Sexual assault is any unwanted physical contact of a sexual
nature that occurs without consent from both individuals or under threat
or coercion. Whether by an acquaintance or by a stranger, sexual assault
can occur either forcibly and/or against a person's will, or when a person
is incapable of giving consent.
In all cases, drugs and alcohol, whether considered a "date rape
drug" or not, can make someone more vulnerable to sexual violence.
Regardless of whether alcohol or drugs were a factor in an assault, the
assault is never the victim's fault.
In an emergency, the police are concerned for your safety first! If you or others have been involved in underage drinking or illegal drug use, do not let that preclude you from calling 911 for help! Your safety and well-being is our highest priority.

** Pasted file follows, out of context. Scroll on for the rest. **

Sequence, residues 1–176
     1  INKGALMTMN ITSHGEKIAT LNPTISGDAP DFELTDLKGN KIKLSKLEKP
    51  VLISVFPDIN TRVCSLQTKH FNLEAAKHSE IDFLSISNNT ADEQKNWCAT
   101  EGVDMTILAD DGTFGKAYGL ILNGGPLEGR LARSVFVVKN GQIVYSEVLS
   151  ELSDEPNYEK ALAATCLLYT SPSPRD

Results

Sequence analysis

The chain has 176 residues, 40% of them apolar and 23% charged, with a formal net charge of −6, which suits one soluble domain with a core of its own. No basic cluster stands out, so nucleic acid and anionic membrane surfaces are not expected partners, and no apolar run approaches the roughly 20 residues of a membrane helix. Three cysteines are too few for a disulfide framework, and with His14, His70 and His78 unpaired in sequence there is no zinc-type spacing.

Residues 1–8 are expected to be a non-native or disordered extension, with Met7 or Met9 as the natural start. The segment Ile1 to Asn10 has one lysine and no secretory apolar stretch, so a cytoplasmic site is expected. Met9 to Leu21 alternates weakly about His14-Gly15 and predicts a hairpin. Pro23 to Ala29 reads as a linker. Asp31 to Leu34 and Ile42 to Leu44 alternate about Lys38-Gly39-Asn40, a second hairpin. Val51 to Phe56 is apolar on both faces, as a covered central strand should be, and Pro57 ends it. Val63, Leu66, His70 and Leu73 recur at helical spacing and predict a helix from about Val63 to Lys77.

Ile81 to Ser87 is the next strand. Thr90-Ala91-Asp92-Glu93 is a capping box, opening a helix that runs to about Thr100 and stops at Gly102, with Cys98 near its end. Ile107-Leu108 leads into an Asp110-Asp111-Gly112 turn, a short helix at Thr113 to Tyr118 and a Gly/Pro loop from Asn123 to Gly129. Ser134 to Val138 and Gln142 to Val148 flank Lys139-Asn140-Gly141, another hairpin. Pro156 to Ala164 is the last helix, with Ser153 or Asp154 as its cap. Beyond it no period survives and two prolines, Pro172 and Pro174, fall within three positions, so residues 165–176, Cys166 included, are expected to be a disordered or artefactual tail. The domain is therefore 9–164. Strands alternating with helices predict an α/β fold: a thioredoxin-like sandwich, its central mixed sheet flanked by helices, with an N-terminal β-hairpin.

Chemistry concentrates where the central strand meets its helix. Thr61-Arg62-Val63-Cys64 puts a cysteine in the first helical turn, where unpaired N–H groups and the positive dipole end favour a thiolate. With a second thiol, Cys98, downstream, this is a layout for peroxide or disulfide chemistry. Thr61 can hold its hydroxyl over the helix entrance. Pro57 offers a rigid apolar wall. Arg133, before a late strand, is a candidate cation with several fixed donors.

Approach gender violence as a MEN'S issue involving men of all ages
and socioeconomic, racial and ethnic backgrounds. View men not only as
perpetrators or possible offenders, but as empowered bystanders who can
confront abusive peers
If a brother, friend, classmate, or teammate is abusing his
female partner -- or is disrespectful or abusive to girls and women in
general -- don't look the other way. If you feel comfortable doing so,
try to talk to him about it. Urge him to seek help.
Please Note: In addition to the resources listed on this
page, the information and resources listed throughout this website,
including counseling, apply to and are available for male survivors and
their significant others.
YWCA Sexual Assault Center (650) 725-9955 Please call for counseling and resources. A male survivor and
significant other packet can be sent to you as well as other